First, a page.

Ganz, Rudolph, distinguished Swiss-American pianist, conductor, and pedagogue; b. Zurich, Feb. 24, 1877; d. Chicago, Aug. 2, 1972. He studied music assiduously, first as a cellist (with Friedrich Hegar), then as a pianist (with Robert Freund) in Zurich; also took composition lessons with Charles Blanchet at the Lausanne Cons. In 1897–98 he studied piano with F. Blumer in Strasbourg, and in 1899 took a course in advanced piano playing with Busoni in Berlin. He made his first public appearance at the age of 12 as a cellist, and at 16 as a pianist. In 1899 he was the soloist in Beethoven’s Emperor Concerto and Chopin’s E-minor Concerto with the Berlin Phil., and in May 1900 the Berlin Phil, performed his 1st Sym. In 1901 he went to the U.S. and was engaged as a prof. of piano at the Chicago Musical Coll.; between 1905 and 1908 he made several tours of the U.S. and Canada, and from 1908 to 1911 toured Europe. After 1912 he toured in both Europe and America. From 1921 to 1927 he was music director of the St. Louis Sym. Orch.; from 1938 to 1949 he conducted a highly successful series of Young People’s Concerts with the N.Y Phil.; concurrently (1929–54) he served as director of the Chicago Musical Coll. He played first performances of many important works, including those of Busoni, Ravel, and Bartok. He was a highly successful pedagogue, and continued to teach almost to the time of his death, at the age of 95. Besides the early sym., he wrote a lively suite of 20 pieces for Orch., Animal Pictures (Detroit, Jan. 19, 1933, composer conducting), a Piano Concerto (Chicago, Feb. 20, 1941, composer soloist), Laughter—Yet Love, Overture to an Unwritten Comedy (1950), solo piano pieces, and about 200 songs to German, French, English, Swiss, and Alsatian texts. He publ. Rudolph Ganz Evaluates Modern Piano Music (N.Y, 1968).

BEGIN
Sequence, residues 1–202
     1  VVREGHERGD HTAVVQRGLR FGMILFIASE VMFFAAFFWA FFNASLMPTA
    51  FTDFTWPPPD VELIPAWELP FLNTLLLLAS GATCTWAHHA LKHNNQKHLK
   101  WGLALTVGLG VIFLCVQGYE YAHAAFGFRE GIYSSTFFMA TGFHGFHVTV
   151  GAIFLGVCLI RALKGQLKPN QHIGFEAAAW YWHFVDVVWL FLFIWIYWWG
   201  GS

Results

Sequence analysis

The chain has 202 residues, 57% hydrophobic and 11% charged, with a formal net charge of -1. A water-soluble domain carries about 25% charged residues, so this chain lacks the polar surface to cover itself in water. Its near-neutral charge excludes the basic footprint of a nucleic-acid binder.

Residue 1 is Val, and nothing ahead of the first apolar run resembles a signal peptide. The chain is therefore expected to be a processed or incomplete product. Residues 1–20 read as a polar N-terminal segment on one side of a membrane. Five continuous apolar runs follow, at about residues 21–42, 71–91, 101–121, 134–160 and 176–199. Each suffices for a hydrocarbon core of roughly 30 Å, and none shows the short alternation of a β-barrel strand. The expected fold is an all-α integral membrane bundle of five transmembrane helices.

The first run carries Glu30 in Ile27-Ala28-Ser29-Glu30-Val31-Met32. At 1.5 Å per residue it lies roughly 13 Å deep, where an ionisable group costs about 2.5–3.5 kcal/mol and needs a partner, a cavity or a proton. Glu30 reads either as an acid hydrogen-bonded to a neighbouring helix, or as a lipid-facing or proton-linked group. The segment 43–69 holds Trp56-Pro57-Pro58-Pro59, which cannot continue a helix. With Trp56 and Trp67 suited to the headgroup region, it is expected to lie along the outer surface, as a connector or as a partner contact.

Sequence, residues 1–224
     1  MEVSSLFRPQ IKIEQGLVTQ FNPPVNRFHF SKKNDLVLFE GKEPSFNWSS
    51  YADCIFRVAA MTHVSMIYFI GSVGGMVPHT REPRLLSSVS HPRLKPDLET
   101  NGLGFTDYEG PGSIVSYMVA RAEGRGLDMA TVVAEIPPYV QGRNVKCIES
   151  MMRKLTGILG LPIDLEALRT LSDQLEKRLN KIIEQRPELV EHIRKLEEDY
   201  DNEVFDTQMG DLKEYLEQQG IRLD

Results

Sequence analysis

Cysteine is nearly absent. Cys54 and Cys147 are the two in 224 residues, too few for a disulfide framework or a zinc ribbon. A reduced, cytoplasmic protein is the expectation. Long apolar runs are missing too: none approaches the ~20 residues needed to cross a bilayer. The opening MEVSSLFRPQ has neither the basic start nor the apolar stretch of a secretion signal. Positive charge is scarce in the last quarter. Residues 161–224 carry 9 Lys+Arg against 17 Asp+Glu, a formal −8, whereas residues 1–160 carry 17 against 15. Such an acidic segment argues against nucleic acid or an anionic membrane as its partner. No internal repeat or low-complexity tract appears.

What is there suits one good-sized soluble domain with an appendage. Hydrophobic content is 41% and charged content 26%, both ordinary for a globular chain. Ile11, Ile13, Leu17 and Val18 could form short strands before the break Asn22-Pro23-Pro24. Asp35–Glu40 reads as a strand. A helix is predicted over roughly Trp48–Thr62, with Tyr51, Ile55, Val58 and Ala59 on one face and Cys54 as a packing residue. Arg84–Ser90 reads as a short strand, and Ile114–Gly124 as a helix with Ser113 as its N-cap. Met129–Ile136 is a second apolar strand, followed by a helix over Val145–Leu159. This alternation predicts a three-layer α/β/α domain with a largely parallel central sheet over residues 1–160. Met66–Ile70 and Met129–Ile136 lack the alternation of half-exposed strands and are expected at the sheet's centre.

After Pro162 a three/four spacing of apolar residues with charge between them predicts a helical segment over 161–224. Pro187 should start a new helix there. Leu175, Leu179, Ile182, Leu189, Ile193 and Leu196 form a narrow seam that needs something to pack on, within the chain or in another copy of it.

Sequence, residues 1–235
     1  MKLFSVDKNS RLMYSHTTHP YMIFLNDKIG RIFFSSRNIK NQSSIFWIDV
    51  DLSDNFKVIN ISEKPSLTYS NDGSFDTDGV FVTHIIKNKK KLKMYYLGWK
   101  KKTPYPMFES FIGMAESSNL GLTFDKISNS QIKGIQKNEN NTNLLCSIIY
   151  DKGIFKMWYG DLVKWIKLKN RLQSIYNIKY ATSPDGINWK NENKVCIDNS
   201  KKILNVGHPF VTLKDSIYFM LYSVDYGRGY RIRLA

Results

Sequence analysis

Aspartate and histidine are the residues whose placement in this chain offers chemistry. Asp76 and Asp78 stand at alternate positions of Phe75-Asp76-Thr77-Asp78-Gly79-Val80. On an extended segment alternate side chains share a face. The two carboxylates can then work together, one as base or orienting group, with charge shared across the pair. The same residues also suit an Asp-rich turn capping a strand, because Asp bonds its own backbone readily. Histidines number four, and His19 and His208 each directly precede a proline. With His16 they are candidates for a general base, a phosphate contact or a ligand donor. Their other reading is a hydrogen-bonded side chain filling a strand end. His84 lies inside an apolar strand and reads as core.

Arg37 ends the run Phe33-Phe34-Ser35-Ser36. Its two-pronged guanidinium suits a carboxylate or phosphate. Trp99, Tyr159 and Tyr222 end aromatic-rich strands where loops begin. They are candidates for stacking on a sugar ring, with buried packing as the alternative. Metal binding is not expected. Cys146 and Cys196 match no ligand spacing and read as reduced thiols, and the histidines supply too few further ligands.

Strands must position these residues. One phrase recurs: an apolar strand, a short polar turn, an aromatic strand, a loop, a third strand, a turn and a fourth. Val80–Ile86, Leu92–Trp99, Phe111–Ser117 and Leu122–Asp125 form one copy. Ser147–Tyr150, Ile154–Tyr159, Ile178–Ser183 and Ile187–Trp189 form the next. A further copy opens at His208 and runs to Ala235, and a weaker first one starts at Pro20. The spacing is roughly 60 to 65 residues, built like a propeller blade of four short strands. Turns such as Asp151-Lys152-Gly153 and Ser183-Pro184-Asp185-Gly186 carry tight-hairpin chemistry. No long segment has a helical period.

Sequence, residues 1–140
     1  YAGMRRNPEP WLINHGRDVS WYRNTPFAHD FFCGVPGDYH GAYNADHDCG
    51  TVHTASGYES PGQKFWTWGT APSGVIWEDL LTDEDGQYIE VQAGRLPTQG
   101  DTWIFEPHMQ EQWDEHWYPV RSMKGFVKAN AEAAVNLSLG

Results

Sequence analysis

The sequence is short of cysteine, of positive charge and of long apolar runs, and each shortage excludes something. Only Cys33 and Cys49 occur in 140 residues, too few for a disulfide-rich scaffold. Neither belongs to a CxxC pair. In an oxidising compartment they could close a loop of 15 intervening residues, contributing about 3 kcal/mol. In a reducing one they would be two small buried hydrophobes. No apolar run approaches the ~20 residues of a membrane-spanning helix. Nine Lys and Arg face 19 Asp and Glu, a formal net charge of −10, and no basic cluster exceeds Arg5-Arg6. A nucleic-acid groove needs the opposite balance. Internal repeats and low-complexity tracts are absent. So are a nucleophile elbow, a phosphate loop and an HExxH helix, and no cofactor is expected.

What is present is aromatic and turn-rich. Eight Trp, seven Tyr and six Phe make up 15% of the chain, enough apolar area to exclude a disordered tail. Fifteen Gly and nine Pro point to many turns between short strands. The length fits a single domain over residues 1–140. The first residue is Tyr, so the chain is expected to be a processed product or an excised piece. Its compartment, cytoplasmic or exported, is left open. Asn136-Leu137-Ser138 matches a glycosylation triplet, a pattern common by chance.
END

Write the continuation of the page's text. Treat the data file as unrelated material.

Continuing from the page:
J. Collester, R. G.: A Musical Pioneer (Metuchen, N.J., 1995).
—Nicolas Slonimsky/Laura Kuhn/Dennis McIntire